It was the mid-80’s when I was first introduced to tofu. A business associate and friend of my father’s would travel from Germany to San Antonio and he would stay with us. As soon as he landed, I remember he had to go to the store and load up (and I mean load up) on tofu. It was like he couldn’t be without it. The vivid sights of packages upon packages of tofu taking over our refrigerator still haunt me. I don’t recall exactly what he did with all that stuff, but I found it amazing the amount he consumed.
Now that I think back, it makes better sense. He was a tall, older gentleman–perhaps in his early 60’s–and very lean. Nary an ounce of fat on him. And smart. Probably some sort of German engineer and tofu was his food of choice. Just as any good teenager would, I turned my nose up at it. If there was ever any leftover once he returned to Germany, the boxes of tofu would sit in the refrigerator until his next visit. No one would dare touch the stuff.
Since that brief encounter with tofu over 20 years ago, I have dabbled in it–mostly in Chinese food. If someone makes it or if it is served in a dish in my favorite Chinese restaurant (ma po tofu, miso soup, tofu and veggies, fried tofu, etc.), I like it, but I have never tried to cook with it at home. The truth? I was afraid of tofu.
No, I did not make a Chinese stir fry or even a tofu vegetable soup. I made…are you ready for this?
True. I came across the recipe while making Cowgirl Granola one night. The latest Food Network magazine is always available at my baking facility and I picked it up for a little culinary entertainment. A picture of peanut butter mousse caught my attention.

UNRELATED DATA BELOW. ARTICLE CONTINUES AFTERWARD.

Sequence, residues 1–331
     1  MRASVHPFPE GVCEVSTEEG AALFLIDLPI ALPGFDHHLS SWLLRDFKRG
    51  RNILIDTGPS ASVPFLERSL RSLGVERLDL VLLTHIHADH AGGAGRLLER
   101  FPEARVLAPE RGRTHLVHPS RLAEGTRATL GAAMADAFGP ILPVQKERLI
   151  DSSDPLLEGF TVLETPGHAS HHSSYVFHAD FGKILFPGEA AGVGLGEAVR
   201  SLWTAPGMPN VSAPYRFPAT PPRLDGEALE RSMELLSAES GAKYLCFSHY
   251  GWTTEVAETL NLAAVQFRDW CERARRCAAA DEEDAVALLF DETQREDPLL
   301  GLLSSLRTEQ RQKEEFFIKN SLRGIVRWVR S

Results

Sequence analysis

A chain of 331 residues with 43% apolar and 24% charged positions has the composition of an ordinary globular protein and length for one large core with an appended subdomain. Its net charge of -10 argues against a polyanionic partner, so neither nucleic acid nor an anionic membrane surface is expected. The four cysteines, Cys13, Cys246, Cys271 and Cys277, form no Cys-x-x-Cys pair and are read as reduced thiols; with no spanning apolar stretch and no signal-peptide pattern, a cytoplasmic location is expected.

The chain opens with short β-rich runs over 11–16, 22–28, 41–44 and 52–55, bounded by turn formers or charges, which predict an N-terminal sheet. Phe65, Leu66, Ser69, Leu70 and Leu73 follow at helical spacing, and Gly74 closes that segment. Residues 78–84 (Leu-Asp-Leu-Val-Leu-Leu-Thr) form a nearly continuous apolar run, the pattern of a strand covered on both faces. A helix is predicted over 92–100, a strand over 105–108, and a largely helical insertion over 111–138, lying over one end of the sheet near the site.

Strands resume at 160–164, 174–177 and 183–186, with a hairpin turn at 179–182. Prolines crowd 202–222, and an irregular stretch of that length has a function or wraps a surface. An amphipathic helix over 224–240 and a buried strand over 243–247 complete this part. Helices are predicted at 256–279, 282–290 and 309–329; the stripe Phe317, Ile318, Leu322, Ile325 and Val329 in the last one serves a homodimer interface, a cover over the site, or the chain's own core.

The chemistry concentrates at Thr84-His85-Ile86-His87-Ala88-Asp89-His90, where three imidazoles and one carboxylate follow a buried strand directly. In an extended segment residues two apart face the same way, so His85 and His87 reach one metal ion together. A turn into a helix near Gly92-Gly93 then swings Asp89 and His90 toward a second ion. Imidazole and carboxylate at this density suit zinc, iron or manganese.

I stopped and read on because I love peanut butter and I’ve never met a mousse I didn’t like. Ingredients: tofu, peanut butter and sweetener all blended together. Really?
It sounded completely bizarre, but, then again, I thought it just might work. The peanut butter changes the flavor of the bland tofu, while the sweetener makes it happy. A splash of milk adds the right amount of creaminess and a touch of vanilla brings it all together. Top that off with the fact that it’s vegan, gluten-free, grain-free, can be made sugar-free and has over 10 grams of protein per serving, and I figured it’s worth a shot, right?
One of things I get the most satisfaction out of is creating a dish that you think is one thing, but it’s not. I have made cauliflower rice, banana cake and faux taters so many times because they are ridiculously divine. Call it trickery or whatever, but I am constantly amazed at the options that exist–edible options that give you satisfaction without deprivation.
Truth be told, not everything that’s sweet needs to be full of butter, sugar and flour. And so it is with this peanut butter mousse. Another reason you can whip up this dessert anytime. Just be sure no one is looking over your shoulder when you make it. We’ll let the tofu be our little secret…okay?
Peanut Butter Mousse
- 1 12.4 oz. package organic firm tofu
- 1/2 cup peanut butter organic, creamy
- 5 tablespoons sweetener of choice I used a combination of 3 tablespoons honey and 2 tablespoons maple syrup
- Splash of milk hemp, coconut, the real deal, it's up to you
- 1 teaspoon vanilla
- Toppings sliced bananas, chocolate chips, whipped coconut cream
Place tofu in a colander and let sit for 10 minutes to drain the liquid.
Crumble the tofu into the food process and add peanut butter, milk, sweetener and vanilla to the food processor and blend until thoroughly combined and creamy, about a minute or two.
Spoon mousse into four ramekins or other individual serving dishes, cover with plastic wrap and refrigerate for an hour or more.
When ready to serve, add a few slices of banana and top with a sprinkling of chocolate chips or discs. Whipped coconut cream would also be a welcome addition.
I'm not big on TOFU but you make it look good! I might just have to try this. 🙂
Erica, you should try this. It's delicious, easy and good for you.
You may have me convinced. I think the hubby would live this, assuming I don't tell him its tufu. lol